I cannot think of any other name for it.

Yes, I know. Sick premature babies, their care is exceptionally expensive. But I cannot feel right about "letting" them die because it is "inconvenient" to care for them.

And I realize, there's the big question: where will the money come from? Well, I don't know. I do know in a number of cases (people I knew, or friends/relatives of people I knew), the insurance the family had paid for most of it. And in some cases some seriously sick little babies got to grow up to be reasonably healthy, happy toddlers.

It seems to me that many of the "good" health insurance companies seem to manage. Because they have people like me, who, as I said, take until the year is more than half over to meet our deductible and who maybe go to the doctor twice in a year (both times for check-ups only) and who don't need any heavy-duty medications and all of that. What my university pays in for me - what I would be paying in if I had private health insurance - is more than what I use in a year in health care. But. If I were to get into a car wreck. Or if I were to contract H1N1 flu from a student and needed to be put in the hospital - the fact that that money had been paid in and had covered others would allow me to be covered in my time of need.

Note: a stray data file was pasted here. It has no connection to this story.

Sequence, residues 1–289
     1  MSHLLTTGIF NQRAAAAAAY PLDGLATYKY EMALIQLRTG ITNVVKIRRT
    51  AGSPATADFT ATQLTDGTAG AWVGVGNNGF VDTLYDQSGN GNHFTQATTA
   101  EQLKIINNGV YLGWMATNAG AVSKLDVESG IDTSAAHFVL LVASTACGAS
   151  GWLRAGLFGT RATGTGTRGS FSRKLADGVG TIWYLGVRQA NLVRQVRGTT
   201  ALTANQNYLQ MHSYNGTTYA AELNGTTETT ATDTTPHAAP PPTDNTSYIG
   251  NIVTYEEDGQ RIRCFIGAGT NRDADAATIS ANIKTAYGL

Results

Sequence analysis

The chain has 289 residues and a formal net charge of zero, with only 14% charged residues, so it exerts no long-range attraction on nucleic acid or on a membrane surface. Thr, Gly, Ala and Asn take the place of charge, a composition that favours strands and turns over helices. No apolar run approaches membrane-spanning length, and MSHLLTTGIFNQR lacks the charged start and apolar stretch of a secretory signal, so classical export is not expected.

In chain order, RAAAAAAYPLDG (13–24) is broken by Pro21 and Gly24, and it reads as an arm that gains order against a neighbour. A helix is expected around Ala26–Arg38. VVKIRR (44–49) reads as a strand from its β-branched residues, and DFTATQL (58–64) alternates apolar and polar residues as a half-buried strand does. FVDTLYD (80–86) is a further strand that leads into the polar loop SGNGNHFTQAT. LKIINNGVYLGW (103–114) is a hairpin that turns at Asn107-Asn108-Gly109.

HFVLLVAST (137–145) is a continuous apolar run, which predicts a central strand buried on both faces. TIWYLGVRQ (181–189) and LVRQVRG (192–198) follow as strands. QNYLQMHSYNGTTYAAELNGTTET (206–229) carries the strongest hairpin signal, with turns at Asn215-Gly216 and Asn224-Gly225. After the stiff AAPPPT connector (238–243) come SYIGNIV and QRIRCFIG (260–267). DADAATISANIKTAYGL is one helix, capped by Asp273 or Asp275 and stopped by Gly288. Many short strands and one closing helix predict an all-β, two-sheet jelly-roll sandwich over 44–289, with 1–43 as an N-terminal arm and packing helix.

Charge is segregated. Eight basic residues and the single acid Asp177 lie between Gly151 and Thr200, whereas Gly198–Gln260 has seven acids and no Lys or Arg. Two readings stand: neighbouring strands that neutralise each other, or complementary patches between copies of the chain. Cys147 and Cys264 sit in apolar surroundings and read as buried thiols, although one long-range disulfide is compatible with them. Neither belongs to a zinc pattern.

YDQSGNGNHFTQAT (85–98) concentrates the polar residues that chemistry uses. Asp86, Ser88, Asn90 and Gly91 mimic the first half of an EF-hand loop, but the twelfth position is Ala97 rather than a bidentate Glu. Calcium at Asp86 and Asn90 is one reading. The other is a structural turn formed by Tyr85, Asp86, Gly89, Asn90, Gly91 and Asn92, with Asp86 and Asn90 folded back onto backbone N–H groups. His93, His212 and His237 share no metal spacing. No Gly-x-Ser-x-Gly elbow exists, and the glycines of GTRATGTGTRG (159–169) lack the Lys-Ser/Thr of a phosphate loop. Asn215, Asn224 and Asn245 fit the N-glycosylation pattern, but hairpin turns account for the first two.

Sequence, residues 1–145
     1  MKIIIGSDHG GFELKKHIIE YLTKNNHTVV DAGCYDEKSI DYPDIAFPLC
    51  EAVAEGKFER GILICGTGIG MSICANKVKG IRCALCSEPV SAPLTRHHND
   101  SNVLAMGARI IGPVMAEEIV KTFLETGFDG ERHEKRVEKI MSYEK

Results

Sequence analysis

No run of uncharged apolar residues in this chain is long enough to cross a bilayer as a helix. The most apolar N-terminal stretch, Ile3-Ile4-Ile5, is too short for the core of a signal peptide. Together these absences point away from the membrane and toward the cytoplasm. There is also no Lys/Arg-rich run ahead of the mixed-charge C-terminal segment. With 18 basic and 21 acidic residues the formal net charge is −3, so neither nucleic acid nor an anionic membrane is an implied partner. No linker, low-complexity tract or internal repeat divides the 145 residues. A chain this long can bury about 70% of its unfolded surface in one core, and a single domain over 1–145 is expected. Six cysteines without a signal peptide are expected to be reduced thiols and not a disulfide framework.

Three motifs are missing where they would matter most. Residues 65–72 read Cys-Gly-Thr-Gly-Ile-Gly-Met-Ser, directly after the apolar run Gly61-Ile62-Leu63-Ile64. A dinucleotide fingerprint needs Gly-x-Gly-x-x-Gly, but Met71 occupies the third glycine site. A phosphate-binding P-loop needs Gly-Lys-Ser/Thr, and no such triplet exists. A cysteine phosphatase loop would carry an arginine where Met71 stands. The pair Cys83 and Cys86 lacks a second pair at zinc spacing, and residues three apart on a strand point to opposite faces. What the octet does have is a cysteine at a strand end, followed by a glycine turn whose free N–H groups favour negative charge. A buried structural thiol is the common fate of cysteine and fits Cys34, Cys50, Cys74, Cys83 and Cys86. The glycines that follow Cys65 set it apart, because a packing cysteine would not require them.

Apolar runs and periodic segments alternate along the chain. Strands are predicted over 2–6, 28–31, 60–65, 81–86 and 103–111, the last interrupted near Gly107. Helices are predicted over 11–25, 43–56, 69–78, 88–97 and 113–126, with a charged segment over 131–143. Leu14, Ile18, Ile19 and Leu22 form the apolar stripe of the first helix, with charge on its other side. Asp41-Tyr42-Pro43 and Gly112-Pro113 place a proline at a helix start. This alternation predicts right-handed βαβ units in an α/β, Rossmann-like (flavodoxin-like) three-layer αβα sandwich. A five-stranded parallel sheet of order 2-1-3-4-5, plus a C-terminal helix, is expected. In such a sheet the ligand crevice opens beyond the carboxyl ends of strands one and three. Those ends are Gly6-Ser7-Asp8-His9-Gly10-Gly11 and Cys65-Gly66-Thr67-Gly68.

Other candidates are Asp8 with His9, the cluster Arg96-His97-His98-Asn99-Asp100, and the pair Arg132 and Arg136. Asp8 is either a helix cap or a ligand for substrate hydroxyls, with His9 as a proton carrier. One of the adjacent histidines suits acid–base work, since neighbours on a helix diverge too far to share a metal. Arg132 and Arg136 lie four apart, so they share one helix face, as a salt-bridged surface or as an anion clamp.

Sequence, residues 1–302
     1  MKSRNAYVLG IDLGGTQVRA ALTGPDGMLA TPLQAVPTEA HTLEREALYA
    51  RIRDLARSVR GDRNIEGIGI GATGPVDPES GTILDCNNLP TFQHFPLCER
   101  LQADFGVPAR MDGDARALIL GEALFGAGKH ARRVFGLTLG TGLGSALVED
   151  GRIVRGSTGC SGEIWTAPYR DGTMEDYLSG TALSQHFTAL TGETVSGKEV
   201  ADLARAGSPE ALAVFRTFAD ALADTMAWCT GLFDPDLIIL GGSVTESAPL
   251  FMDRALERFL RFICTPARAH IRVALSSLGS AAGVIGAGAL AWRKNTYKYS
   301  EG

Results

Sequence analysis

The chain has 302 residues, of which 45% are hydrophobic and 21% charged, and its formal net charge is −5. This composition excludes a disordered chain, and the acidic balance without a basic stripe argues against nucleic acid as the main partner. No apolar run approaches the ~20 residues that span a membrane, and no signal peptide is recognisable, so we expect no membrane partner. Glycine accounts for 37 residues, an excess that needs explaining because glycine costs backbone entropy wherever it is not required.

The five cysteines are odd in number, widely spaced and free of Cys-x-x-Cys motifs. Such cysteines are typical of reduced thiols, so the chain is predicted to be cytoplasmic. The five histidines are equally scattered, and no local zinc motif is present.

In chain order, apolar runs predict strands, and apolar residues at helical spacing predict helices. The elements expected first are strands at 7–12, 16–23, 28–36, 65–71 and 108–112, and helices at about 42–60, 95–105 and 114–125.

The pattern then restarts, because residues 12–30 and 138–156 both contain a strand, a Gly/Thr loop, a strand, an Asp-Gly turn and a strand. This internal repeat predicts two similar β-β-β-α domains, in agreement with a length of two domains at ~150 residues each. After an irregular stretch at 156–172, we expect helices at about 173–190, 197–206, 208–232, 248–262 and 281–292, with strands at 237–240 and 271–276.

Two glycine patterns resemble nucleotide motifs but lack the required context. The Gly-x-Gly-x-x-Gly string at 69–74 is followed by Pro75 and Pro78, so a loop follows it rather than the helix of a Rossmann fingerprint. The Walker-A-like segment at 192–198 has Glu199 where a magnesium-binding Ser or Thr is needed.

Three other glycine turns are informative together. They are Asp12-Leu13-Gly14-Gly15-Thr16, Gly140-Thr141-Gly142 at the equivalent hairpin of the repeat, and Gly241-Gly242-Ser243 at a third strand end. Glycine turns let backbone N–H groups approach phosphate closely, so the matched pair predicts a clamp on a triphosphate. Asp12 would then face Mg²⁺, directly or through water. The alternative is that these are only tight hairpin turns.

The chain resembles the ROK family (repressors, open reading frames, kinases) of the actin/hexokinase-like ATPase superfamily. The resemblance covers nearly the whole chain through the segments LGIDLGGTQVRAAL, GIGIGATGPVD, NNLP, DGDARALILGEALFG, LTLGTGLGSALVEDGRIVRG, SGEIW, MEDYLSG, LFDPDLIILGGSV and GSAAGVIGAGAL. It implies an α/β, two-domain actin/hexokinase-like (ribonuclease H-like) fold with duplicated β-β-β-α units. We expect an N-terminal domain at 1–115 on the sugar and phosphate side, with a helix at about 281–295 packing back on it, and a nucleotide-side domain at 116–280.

I know people who had pretty extensive cancer treatment. And it was mostly paid for by insurance. And I don't see health insurance companies failing the way GM and banks are. (Which is why I'm twitchy about government intervening in health insurance).

Another thing we get are lots of folks sticking their oars in, pointing fingers, trying to blame and shame. What really got me on this hobbyhorse this morning was hearing a quotation from the director of the Cleveland Clinic - who has an article here, who says if it was up to him, he'd stop hiring people who were "obese."

He was quoted (perhaps misquoted, I don't know) on my local news as saying,

"It is our patriotic duty to 'take care of ourselves.'"

Brr. I suddenly feel very cold. What about people who get an unlucky genetic draw? Was it their patriotic duty to choose "better" gene donors? What about people who "do everything right" and still get sick? What about people who get old? A lot of the chronic diseases we spend a lot on are diseases of aging.